An improviser's take on 20th century Spanish classical music might seem like odd subject matter for a worldclass free jazz pianist like Agustí Fernández, but El Laberint de la Memòria ("The Labyrinth of Memory") testifies to the artist's imagination and facility.
In addition to being a member of several of Evan Parker's ensembles, recent sessions by the mega-talented Fernández's have included Joe Morris' Ambrosia (Riti, 2011), Peter Evans and Mats Gustafsson's Kopros Lithos (Multikulti, 2011) and, with the pianist's famed trio of Barry Guy and Ramón López, Morning Glory (Maya, 2011).
Fernández was commissioned by Mbari Música's label chief João Santos to create a solo recording with a starting point of Spanish regional themes, mostly fragments of nostalgia in minor keys and slow rhythms. The pianist internalized the sounds, patterns, and more importantly the emotions of the Spanish piano tradition to deliver a document not unlike another famed improviser's reflective recording, that of Keith Jarrett's The Melody At Night, With You (ECM, 1999). Like Jarrett, the pianist reins in his technique in service of his forefathers and in honor of memory. But, that is not to say that this is anything but an Agustí Fernández recording.
His gift for free improvisation is not silenced so much here as it is channeled into a Spanish tradition. While each track here is a Fernández composition, he has maintained the emotion of the regional music on pieces like "La processó" and "Tonada." Indeed, he is conversant with classical themes as on "Porta de Mar." He also allows himself to play with the percussive hammers of the piano's insides on "Pluja Sorda" and the strings with "L'esmolador." The pianist's fingers dance through "Evanescent" picking and jumping notes, not with abandon but with a purpose to service the memory and lexicon of Spanish music. That which could be inhibiting is actually liberating.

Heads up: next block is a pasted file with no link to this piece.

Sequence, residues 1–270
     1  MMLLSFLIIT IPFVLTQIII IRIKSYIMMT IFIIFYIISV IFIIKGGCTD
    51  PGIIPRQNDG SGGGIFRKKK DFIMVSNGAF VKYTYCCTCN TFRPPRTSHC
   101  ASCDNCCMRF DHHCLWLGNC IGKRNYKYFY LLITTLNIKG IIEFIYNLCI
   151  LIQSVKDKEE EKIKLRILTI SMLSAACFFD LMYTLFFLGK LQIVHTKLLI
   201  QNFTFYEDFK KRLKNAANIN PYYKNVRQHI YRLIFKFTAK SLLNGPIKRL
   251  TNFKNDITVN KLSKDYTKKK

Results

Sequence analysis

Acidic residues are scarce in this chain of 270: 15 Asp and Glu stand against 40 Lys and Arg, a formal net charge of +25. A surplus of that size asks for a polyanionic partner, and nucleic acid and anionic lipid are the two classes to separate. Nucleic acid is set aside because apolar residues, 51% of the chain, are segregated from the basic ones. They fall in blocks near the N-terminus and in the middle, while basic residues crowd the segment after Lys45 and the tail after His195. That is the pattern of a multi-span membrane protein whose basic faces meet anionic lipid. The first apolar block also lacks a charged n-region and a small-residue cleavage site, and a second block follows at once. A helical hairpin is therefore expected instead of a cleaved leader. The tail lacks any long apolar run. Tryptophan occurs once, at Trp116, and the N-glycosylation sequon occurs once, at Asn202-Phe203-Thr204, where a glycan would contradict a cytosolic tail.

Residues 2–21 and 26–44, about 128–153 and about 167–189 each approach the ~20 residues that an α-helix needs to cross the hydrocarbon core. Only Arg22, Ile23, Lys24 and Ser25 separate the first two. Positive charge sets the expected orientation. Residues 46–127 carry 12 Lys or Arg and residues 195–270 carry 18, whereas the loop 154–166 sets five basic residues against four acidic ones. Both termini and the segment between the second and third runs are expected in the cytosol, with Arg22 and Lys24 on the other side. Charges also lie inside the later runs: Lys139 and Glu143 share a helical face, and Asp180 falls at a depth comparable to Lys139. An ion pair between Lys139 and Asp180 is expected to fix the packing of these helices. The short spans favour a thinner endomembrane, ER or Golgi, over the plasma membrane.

Track Listing: Joan i Joana; Aparició i desaparicions; El laberint de la memòria; El pincell
del Perico; Tonada; Pluja sorda; Porta de Mar; Flamarades; Catedral; La
processó; L'esmolador; Evanescent; Preludi; El final és el començament.
I love jazz because next to my kids, it's the love of my life.
I was first exposed to jazz by Joe Rico from a tiny station in Niagara Falls in 1954 when I was 13.
The best show I ever attended was Maynard Ferguson who blew the roof off Massey Hall in the late 50s.
My advice to new listeners is to listen to everything you can and then listen again.